A set of high quality colour images with Spanish norms for seven relevant psycholinguistic variables: The Nombela naming test

Departamento de Psicología Basica I, U.N.E.D., Madrid, Spain.
Aging Neuropsychology and Cognition (Impact Factor: 1.07). 02/2011; 18(3):293-327. DOI: 10.1080/13825585.2010.540849
Source: PubMed


This paper presents a new corpus of 140 high quality colour images belonging to 14 subcategories and covering a range of naming difficulty. One hundred and six Spanish speakers named the items and provided data for several psycholinguistic variables: age of acquisition, familiarity, manipulability, name agreement, typicality and visual complexity. Furthermore, we also present lexical frequency data derived internet search hits. Apart from the large number of variables evaluated, these stimuli present an important advantage with respect to other comparable image corpora in so far as naming performance in healthy individuals is less prone to ceiling effect problems. Reliability and validity indexes showed that our items display similar psycholinguistic characteristics to those of other corpora. In sum, this set of ecologically valid stimuli provides a useful tool for scientists engaged in cognitive and neuroscience-based research.

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Available from: Keith R Laws, Dec 19, 2013
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    • "Correlations between current stimuli and those of Adlington et al. (2009), Brodeur et al. (2010), Moreno-Martínez et al. (2011), Snodgrass and Vanderwart (1980), and Viggiano et al. (2004) "
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    ABSTRACT: This work presents a new set of 360 high quality colour images belonging to 23 semantic subcategories. Two hundred and thirty-six Spanish speakers named the items and also provided data from seven relevant psycholinguistic variables: age of acquisition, familiarity, manipulability, name agreement, typicality and visual complexity. Furthermore, we also present lexical frequency data derived from Internet search hits. Apart from the high number of variables evaluated, knowing that it affects the processing of stimuli, this new set presents important advantages over other similar image corpi: (a) this corpus presents a broad number of subcategories and images; for example, this will permit researchers to select stimuli of appropriate difficulty as required, (e.g., to deal with problems derived from ceiling effects); (b) the fact of using coloured stimuli provides a more realistic, ecologically-valid, representation of real life objects. In sum, this set of stimuli provides a useful tool for research on visual object- and word-processing, both in neurological patients and in healthy controls.
    PLoS ONE 05/2012; 7(5):e37527. DOI:10.1371/journal.pone.0037527 · 3.23 Impact Factor
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    ABSTRACT: Pictorial stimuli are commonly used by scientists to explore central processes; including memory, attention, and language. Pictures that have been collected and put into sets for these purposes often contain visual ambiguities that lead to name disagreement amongst subjects. In the present work, we propose new norms which reflect these sources of name disagreement, and we apply this method to two sets of pictures: the Snodgrass and Vanderwart (S&V) set and the Bank of Standardized Stimuli (BOSS). Naming responses of the presented pictures were classified within response categories based on whether they were correct, incorrect, or equivocal. To characterize the naming strategy where an alternative name was being used, responses were further divided into different sub-categories that reflected various sources of name disagreement. Naming strategies were also compared across the two sets of stimuli. Results showed that the pictures of the S&V set and the BOSS were more likely to elicit alternative specific and equivocal names, respectively. It was also found that the use of incorrect names was not significantly different across stimulus sets but that errors were more likely caused by visual ambiguity in the S&V set and by a misuse of names in the BOSS. Norms for name disagreement presented in this paper are useful for subsequent research for their categorization and elucidation of name disagreement that occurs when choosing visual stimuli from one or both stimulus sets. The sources of disagreement should be examined carefully as they help to provide an explanation of errors and inconsistencies of many concepts during picture naming tasks.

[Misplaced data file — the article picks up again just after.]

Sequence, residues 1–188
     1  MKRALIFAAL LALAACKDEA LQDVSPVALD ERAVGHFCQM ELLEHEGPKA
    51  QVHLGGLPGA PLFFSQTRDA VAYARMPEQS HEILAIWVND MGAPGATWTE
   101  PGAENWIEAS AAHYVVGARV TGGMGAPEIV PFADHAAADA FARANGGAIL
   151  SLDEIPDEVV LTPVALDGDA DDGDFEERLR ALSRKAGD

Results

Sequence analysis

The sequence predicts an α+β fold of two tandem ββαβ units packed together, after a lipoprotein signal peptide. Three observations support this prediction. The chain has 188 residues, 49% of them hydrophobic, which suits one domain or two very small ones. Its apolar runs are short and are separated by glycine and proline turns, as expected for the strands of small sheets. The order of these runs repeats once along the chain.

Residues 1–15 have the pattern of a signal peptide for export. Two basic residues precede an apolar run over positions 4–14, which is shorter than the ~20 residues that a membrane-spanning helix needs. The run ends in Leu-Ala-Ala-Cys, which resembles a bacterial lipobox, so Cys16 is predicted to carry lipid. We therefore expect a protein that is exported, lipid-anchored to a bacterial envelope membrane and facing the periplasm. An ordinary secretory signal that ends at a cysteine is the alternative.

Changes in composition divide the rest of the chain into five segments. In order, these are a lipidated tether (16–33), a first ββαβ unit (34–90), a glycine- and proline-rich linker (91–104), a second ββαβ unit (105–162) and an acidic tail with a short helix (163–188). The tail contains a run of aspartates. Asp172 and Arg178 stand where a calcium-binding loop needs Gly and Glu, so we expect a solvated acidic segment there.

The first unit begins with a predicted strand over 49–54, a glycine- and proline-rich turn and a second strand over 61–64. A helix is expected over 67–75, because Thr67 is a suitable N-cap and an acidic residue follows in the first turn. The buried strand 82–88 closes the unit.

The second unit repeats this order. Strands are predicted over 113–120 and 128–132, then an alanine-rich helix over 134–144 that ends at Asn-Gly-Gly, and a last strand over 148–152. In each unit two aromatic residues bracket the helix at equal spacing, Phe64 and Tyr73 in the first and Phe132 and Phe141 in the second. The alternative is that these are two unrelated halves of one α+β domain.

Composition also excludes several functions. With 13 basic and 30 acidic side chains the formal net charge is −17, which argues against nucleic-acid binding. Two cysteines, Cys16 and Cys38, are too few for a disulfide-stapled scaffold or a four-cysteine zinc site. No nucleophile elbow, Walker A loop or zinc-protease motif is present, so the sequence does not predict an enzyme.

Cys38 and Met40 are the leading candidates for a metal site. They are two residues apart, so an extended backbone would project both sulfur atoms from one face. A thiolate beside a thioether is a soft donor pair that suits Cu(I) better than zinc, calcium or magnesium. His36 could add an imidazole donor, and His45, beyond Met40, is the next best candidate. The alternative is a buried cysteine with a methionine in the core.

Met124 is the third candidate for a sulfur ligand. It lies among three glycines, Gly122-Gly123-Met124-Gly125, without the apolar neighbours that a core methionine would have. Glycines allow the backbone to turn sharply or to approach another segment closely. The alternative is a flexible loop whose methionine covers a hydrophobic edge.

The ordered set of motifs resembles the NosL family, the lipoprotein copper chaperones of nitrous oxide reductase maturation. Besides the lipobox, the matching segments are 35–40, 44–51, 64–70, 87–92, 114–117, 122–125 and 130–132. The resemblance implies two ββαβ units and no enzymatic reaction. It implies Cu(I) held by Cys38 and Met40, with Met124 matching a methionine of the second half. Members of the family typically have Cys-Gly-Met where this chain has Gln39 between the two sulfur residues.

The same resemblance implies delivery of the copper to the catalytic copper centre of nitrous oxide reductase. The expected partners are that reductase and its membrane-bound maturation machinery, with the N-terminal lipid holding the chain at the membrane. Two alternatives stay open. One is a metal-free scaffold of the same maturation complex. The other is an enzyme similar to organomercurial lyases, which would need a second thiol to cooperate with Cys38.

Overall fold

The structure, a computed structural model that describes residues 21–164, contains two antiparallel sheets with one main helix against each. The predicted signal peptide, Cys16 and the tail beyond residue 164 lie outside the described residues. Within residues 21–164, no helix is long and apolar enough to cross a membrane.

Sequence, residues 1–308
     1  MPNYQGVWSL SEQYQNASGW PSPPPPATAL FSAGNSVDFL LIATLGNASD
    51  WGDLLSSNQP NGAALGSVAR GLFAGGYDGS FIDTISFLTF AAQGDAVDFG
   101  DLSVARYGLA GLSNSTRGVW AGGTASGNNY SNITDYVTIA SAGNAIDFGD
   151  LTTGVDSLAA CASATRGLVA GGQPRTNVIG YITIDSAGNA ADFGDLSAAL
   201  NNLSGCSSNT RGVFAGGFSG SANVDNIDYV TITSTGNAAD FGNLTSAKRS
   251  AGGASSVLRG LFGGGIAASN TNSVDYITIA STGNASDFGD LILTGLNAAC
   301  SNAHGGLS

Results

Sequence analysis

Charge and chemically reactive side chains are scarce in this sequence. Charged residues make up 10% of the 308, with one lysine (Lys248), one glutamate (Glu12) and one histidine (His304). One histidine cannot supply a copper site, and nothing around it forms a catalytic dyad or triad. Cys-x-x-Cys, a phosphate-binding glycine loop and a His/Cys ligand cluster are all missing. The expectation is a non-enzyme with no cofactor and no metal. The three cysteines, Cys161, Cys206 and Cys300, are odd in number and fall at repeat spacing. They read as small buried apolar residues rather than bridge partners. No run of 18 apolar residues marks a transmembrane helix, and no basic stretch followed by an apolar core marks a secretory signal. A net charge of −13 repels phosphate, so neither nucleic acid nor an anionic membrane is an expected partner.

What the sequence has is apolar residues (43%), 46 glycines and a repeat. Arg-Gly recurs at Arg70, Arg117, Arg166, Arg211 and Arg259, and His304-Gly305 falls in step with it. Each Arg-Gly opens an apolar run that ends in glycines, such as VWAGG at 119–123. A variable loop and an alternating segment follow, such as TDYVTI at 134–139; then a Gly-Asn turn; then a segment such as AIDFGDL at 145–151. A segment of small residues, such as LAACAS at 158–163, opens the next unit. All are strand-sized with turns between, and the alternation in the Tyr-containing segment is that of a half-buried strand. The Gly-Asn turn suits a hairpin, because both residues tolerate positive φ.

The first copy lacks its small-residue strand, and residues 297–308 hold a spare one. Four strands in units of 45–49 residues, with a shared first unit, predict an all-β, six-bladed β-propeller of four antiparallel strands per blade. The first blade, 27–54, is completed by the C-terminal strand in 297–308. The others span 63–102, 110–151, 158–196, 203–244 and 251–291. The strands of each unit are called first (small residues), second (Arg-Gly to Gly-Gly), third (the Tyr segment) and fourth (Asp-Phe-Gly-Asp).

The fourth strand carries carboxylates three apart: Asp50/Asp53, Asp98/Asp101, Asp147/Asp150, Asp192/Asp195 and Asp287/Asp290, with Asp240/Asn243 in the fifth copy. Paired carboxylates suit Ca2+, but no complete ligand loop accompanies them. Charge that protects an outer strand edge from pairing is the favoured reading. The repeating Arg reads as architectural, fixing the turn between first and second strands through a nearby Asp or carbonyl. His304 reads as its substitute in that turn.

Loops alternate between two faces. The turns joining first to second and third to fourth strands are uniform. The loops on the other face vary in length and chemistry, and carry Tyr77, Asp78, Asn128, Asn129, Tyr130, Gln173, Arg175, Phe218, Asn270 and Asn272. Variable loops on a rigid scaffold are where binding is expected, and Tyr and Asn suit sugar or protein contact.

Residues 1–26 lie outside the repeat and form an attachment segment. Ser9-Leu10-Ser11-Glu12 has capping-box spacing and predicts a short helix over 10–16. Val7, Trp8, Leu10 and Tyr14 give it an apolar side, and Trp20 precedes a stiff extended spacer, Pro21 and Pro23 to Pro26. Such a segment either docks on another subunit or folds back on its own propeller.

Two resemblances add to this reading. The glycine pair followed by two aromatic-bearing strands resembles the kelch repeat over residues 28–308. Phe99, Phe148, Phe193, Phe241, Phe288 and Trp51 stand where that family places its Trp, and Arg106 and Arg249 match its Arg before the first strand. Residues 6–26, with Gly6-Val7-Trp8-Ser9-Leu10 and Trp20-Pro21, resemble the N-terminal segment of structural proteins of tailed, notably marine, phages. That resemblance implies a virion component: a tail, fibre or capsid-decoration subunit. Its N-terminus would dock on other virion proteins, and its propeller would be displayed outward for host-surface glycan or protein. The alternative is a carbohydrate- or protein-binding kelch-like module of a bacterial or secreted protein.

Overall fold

PLoS ONE 10/2012; 7(10):e47802. DOI:10.1371/journal.pone.0047802 · 3.23 Impact Factor
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    ABSTRACT: The aim of the present study was to provide normative data for the Croatian language using 346 visually presented objects (Cycowicz, Friedman, Rothstein, & Snodgrass Journal of Experimental Child Psychology 65:171-237, 1997; Roach, Schwartz, Martin, Grewal, & Brecher Clinical Aphasiology 24:121-133, 1996; Snodgrass & Vanderwart Journal of Experimental Psychology: Human Learning and Memory 6:174-215, 1980). Picture naming was standardized according to seven variables: naming latency, name agreement, familiarity, visual complexity, word length, number of syllables, and word frequency. The descriptive statistics and correlation pattern of the variables collected in the present study were consistent with normative studies in other languages. These normative data for pictorial stimuli named by young healthy Croatian native speakers will be useful in studies of perception, language, and memory, as well as for preoperative and intraoperative mapping of speech and language brain areas.
    Behavior Research Methods 01/2013; 45(4). DOI:10.3758/s13428-012-0308-8 · 2.12 Impact Factor
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